Professor William Thompson - aka Billy Gamble - is a gaming industry expert at the University of Nevada at Las Vegas. He says video slots would certainly provide a shot in the arm for the card rooms:

"It would save their businesses, the particular businesses will do well."

But Thompson thinks the projection that video slots in Washington mini-casinos would bring in $190 million a year in taxes is optimistic. And, he argues, it would cut into sales tax revenues in other segments of the state economy:

"The casino money is going to come out of dining budgets, people aren't going to go to the Wal-Marts and the Sears Roebucks to buy stuff that would be subject to the sales tax."

Thompson says policy makers always have to weigh the benefit of gambling taxes against the social impact. "This is a policy decision that produces a very regressive tax, but it is tax money and the money would go into the treasury," he adds.

Olympia's Odds

The odds of getting a gambling expansion through the Washington legislature – especially at this late date – appear slim. Voters have said "no" in the past. The tribes are major campaign contributors to majority Democrats. Plus, it would likely require a 60% vote in the State Senate – due to Senate rules.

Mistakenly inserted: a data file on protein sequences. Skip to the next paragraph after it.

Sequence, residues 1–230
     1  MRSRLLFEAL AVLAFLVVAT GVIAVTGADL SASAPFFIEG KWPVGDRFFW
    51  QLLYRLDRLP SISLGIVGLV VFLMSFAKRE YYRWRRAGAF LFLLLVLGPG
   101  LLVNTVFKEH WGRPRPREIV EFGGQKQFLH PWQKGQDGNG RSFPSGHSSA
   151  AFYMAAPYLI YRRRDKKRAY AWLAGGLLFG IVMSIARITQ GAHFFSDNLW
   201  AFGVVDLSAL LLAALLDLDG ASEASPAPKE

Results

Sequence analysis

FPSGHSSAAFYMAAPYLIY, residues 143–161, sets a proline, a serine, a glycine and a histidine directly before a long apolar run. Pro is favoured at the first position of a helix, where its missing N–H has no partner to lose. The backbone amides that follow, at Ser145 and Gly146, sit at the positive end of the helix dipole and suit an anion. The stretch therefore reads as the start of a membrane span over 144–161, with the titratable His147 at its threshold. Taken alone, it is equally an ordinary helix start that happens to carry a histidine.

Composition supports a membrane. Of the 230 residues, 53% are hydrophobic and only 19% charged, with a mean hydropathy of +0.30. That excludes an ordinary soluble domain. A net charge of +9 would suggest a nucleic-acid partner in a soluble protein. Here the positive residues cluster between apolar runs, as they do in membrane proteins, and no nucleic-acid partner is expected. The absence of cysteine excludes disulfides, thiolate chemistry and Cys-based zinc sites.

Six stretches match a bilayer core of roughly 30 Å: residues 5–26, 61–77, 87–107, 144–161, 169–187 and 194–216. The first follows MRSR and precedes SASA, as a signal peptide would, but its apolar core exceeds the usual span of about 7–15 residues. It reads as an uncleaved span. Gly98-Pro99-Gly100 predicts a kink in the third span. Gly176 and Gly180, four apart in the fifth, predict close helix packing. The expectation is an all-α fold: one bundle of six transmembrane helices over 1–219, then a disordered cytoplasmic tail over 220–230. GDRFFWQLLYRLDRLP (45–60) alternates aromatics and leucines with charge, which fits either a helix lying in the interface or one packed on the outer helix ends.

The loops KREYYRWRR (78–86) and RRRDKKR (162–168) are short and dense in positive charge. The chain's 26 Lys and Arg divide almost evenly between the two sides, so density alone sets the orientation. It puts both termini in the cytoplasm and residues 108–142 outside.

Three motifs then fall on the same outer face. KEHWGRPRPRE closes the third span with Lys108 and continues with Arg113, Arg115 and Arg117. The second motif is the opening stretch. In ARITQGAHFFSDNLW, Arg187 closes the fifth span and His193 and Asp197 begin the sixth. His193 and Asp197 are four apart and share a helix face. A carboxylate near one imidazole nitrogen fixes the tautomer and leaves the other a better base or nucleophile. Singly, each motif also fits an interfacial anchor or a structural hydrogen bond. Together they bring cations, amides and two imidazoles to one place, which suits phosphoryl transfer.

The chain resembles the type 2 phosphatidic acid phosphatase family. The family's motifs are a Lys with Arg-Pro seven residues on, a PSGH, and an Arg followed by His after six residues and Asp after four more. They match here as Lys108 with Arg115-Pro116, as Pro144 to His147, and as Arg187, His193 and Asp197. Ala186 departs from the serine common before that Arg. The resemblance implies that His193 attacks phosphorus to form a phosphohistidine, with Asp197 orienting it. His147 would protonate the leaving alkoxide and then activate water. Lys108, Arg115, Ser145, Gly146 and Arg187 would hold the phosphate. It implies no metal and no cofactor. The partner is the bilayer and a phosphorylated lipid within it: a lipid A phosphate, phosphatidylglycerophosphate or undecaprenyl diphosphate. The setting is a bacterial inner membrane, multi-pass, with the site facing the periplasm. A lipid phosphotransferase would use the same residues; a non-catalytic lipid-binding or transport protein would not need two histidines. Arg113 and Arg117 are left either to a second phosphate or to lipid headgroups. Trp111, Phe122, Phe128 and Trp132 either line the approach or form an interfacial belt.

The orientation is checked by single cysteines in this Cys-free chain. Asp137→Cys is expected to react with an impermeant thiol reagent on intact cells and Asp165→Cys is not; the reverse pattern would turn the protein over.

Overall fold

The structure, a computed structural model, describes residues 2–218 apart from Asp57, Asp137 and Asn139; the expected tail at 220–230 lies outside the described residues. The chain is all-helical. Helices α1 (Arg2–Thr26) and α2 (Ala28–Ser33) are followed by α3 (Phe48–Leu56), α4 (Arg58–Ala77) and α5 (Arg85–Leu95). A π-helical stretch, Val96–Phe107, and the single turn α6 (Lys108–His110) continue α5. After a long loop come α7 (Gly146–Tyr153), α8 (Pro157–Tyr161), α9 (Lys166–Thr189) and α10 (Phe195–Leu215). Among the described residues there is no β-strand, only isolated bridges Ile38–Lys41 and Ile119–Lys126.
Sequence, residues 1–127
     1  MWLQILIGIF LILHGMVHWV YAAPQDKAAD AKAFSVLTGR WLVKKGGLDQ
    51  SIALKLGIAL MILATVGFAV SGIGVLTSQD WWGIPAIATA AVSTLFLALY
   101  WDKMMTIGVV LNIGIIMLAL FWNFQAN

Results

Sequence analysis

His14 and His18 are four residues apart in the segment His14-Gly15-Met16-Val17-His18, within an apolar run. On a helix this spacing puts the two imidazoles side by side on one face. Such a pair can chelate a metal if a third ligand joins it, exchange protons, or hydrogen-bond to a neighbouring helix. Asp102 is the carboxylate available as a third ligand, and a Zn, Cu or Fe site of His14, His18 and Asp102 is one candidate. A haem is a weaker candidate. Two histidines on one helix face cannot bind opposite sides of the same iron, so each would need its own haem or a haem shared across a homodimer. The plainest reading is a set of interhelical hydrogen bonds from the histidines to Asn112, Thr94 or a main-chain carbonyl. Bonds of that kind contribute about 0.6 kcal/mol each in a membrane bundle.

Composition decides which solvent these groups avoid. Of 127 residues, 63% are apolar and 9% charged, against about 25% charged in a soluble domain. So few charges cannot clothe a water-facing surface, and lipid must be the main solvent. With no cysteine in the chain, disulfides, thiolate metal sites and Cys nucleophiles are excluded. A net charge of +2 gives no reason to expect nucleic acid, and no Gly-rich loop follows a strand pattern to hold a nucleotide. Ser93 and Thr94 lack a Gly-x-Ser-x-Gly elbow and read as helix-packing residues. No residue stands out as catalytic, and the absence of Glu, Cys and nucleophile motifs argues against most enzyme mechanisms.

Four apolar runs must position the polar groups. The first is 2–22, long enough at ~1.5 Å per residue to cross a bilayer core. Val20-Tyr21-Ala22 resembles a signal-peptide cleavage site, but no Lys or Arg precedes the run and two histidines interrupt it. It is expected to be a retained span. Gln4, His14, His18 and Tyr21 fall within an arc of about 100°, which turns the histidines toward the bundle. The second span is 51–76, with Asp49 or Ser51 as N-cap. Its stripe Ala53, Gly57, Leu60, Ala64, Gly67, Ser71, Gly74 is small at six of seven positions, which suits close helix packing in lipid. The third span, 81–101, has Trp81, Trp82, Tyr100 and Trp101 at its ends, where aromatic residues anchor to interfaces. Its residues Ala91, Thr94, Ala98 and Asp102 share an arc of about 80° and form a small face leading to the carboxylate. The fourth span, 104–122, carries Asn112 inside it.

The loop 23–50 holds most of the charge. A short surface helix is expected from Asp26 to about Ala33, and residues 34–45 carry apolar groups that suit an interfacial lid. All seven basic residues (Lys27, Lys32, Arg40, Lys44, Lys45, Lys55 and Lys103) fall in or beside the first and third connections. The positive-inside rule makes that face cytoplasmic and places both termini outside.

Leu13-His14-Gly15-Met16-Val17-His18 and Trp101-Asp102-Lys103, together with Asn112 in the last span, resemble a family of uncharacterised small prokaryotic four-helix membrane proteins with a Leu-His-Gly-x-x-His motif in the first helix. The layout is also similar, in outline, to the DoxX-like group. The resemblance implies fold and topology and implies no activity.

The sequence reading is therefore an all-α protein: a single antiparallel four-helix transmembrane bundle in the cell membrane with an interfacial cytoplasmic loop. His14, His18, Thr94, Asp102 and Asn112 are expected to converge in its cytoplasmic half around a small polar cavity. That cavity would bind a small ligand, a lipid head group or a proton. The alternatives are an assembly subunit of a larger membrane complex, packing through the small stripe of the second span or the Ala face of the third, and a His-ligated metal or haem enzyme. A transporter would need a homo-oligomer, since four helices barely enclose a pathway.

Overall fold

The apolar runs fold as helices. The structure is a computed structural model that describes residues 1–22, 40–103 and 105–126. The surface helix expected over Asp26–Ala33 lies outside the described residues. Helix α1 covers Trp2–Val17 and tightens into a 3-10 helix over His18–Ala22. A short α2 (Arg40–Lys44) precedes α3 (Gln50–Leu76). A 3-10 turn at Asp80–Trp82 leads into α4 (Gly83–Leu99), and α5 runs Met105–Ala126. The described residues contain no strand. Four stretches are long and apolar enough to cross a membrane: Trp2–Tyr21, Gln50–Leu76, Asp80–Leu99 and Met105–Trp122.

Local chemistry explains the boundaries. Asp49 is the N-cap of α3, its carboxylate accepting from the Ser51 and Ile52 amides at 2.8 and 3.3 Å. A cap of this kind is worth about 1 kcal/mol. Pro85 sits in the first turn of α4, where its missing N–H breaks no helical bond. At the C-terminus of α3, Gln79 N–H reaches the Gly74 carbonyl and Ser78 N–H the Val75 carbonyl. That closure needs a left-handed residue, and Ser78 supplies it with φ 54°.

But Senate Majority Leader Lisa Brown of Spokane says if the state gets a bad revenue forecast and budget negotiations stall out over what to cut – then ideas like this could end up on the table.

Since January 2004, Austin Jenkins has been the Olympia-based political reporter for the Northwest News Network. In that position, Austin covers Northwest politics and public policy as well as the Washington State legislature. You can also see Austin on television as host of TVW's (the C–SPAN of Washington State) Emmy-nominated public affairs program "Inside Olympia." Prior to joining the Northwest News Network, Austin worked as a television reporter in Seattle, Portland and Boise. Austin is a graduate of Garfield High School in Seattle and Connecticut College in New London, Connecticut. Austin’s reporting has been recognized with awards from the Association of Capitol Reporters and Editors, Public Radio News Directors Incorporated and the Society of Professional Journalists.